They kept spraying water on the wood, but they just couldn't get the fireplace started. The Post wrote the equivalent in an article on the Greek crisis:
"The government has raised taxes and cut services and is announcing tougher steps every other week. So far it has been to no avail; the economic outlook keeps getting worse, not better."
And therefore, prepare for worldwide economic collapse:
The German government agreed Thursday to bolster the ESFS. That's encouraging news but many analysts say it's insufficient to contain Greece's collapse on its own.
If those analysts are right and no further steps are taken, the U.S. is exposed via trade and finance. "Europe back in recession hurts US exports, since they buy less. Worries about the Euro lead to a stronger dollar/euro exchange rate, which further hurts U.S. export competitiveness. US banks and money market funds have exposure to Europe, so their balance sheets are damaged if Europe goes under."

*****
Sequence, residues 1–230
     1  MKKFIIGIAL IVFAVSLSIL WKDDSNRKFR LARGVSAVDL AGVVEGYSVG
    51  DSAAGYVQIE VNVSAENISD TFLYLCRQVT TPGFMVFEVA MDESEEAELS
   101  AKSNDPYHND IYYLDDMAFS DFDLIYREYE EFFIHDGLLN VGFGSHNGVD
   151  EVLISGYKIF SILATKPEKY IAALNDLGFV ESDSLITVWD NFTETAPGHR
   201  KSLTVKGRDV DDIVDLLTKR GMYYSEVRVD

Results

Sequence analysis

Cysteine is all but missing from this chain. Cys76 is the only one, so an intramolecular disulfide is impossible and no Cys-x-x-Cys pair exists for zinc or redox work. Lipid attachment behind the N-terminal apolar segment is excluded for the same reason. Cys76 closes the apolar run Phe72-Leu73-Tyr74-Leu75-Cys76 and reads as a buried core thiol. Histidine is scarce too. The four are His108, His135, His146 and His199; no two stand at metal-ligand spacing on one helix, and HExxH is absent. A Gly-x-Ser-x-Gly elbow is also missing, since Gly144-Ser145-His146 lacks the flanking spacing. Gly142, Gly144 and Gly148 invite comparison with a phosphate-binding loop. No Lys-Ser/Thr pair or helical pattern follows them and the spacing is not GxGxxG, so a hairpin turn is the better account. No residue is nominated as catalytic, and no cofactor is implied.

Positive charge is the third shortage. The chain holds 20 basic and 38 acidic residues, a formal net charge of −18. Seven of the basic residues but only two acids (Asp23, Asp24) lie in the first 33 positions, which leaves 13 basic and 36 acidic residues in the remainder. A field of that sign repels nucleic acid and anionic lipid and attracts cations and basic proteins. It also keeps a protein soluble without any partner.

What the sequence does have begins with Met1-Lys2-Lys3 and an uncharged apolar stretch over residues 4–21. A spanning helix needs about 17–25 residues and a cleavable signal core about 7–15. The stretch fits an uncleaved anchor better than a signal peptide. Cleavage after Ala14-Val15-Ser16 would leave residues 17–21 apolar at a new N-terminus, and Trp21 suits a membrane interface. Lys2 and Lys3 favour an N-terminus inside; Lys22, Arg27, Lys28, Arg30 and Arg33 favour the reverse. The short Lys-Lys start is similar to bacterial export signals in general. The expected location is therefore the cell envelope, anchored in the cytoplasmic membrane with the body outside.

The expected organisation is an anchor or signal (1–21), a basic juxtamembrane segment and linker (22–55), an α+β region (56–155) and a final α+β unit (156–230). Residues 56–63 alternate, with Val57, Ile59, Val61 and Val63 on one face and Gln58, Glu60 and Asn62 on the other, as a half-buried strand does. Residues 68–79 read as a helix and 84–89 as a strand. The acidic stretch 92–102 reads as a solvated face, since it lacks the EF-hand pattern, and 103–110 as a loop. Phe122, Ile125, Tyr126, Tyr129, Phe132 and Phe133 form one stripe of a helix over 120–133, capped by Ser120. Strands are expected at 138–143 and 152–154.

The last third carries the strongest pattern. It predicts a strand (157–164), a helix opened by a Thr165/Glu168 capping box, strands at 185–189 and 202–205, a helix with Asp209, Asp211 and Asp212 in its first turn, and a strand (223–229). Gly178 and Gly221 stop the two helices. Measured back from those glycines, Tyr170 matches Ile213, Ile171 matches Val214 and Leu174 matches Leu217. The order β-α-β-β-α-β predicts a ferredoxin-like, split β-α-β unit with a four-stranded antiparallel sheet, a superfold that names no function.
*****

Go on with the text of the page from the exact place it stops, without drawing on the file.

This has led economist Nouriel Roubini to conclude it's not just a question of if the U.S. will tumble back into recession, but of how deep it will be.